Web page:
The idea is that if the game survives that initial time after the front loaded hype, it will show strong legs on sale charts.

That notion isn’t entirely focused around modding per se; it can also be delivered by creating a constant persistent world that lasts much longer than a single play-through. Both Division and Destiny, had the largest opening any new IP has ever seen which directly follow this idea of providing a constant flow of content, after the game is released (some free, some not) in a persistent online only world. Countering piracy this way is only an added bonus for these companies. As a result we’re seeing many only multiplayer titles than we like.

GTAV, which released in 2013 still refuses to drop down from Top10 sold games of each month, simply because it is a serviceable game with ability to add new stuff any time. GTA-Online has much in common with Division and Destiny. A reduction of excitement over Single Player games which has poor cost-to-hour gameplay value and preferring Open World always online games who deceptively might give you better cost-to-hour gameplay.

Don’t be surprised if GTA6 has much more focus on GTA-Online.

Another recent example is HITMAN, where the missions are literally divided into episodes. Increasing the cost-to-hour value while still having you engage in further experiences without trading in your copy long after you have bought it. You are still holding on to your original copy of the game, because there is a possibility that new content maybe dropped any day. Consequently, any time some new content is dropped, it entices new gamers to buy the earlier episodes too, thus increasing its sales way after it was initially released.

  • Single Players?

I would hate to see the day where Single Player games becomes an afterthought and everything needs to be online.  Even though Open World Single Player games are doing well, Linear Single player games are finding it hard to sell themselves. The games are getting costly to make, and gamers expectations are also high, but mixed with an increased competition and less gamers to sell those games to (comparatively), we will get more and more low quality titles touting big game-play hour numbers to make up their costs.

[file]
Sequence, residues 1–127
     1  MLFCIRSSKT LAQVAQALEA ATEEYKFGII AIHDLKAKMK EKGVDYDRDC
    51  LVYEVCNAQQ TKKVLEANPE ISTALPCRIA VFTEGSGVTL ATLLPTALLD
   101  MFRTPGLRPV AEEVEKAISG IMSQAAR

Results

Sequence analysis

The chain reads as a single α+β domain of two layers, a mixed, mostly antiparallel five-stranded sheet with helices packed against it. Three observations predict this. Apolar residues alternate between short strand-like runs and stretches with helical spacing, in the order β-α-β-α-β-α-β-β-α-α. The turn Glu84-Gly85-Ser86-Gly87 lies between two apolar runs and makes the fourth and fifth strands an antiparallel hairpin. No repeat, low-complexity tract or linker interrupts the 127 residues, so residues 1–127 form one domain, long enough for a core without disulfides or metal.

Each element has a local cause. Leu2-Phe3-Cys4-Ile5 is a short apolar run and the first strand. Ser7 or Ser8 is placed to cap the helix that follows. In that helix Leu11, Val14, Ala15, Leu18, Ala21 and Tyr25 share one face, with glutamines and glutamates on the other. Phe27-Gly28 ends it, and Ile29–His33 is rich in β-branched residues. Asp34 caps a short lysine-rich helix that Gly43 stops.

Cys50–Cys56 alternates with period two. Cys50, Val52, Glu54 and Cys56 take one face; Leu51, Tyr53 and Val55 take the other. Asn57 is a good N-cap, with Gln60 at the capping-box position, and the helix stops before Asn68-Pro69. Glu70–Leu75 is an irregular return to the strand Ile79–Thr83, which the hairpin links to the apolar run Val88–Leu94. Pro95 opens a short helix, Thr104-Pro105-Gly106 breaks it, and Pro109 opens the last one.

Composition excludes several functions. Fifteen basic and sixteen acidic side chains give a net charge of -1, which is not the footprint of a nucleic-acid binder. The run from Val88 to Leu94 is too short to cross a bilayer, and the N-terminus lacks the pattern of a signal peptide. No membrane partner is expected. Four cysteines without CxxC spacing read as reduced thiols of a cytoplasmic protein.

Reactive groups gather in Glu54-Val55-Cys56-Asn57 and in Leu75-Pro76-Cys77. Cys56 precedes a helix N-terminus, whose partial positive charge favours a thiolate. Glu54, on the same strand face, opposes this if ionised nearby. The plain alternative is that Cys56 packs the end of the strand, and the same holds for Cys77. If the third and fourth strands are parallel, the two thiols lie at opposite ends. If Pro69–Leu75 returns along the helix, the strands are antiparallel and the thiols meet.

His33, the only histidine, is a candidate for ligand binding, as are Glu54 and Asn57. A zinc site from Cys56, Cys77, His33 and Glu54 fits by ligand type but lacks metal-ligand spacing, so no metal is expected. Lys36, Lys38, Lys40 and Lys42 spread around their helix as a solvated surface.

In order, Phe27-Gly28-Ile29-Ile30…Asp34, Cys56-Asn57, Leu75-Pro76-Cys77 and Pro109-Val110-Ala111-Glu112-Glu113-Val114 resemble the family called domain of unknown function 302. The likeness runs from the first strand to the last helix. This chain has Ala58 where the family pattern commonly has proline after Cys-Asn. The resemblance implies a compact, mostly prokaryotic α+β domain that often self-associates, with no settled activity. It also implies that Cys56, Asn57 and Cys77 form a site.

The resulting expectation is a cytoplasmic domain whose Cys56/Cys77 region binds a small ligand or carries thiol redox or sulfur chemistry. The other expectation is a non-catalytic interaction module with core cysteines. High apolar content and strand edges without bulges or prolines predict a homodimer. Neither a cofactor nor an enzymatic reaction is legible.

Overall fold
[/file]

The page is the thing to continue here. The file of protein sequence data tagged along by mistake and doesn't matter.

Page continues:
I fully expect AAA games of the future to be needlessly time-consuming just to give you the illusion of your purchase being worth it. Now all publishers are not evil for trying to make up for those high budget with risky ventures, but that doesn’t give them right to held content back and charge 50$ for season pass and then forget to support a platform claiming “they can’t fix it”. Exceptions are there, where we have gone so accustomed to skin/weapon DLCs that a game not charging money for them makes us take notice.

CDPR’s Witcher 3 sold more than 6M copies using the old formula of ‘Let’s make a great game’ and they truly deserved it.

There needs to be a balance between coping with increased production costs and blatantly ripping gamers off. Maybe a change in gaming model needs to be there where every type of game could survive. After seeing these numbers, it’s not far-fetched why Microsoft thought of modular upgradable consoles and Sony is coming up with rumored new console with 4K media capabilities, and Nintendo’s new interest towards mobile gaming. They are now bringing the “Games as a service” model to the consoles themselves.

Leave a Reply

Your email address will not be published. Required fields are marked *

Related Posts